Map courtesy of NAHB
ConstructionDive.com cites Bureau of Labor Statistics showing that the number of construction jobs added in October was more than four times the number added in the previous four months combined. That's a good sign, but it may a short-term phenomenon tied to rising compensation levels aimed at attracting energy and manufacturing workers who are worried about the recent softening in those sectors.
The larger issue, and one that poses a long-term problem, is the aging of the construction workforce. A National Association of Home Builders "Eye On Housing" story includes the map above, which color codes data from the 2013 American Housing Survey to show regional differences in the median age of U.S. construction workers. The number displayed in each state represents the difference between the median age of construction workers in that state compared with the median age of the overall workforce.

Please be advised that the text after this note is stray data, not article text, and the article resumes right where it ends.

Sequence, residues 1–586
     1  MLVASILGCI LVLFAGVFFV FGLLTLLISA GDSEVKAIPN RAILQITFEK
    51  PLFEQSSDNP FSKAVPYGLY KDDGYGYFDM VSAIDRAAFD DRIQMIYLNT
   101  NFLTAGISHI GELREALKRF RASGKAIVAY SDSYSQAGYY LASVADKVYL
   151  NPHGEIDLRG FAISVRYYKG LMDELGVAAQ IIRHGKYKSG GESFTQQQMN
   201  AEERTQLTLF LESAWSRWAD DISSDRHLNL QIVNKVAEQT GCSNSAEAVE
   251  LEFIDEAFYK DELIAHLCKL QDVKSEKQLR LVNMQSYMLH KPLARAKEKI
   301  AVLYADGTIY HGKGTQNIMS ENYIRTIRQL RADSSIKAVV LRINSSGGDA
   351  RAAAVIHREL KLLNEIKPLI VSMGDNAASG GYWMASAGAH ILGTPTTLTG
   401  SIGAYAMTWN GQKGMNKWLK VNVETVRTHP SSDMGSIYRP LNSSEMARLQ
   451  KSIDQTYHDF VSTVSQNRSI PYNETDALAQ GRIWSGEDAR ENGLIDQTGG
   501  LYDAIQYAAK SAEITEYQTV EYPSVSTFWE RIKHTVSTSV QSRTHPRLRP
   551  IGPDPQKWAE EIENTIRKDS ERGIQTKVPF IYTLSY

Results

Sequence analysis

Most older construction workers serve in supervisory positions, but they also hold a wealth of practical construction job-site know-how that historically has been passed on to younger workers via on-the-job training. That historical pattern was interrupted by the Great Recession, and as a result of the seven-year gap in the housing industry's recovery, much of that hands-on knowledge will exit with older workers when they retire.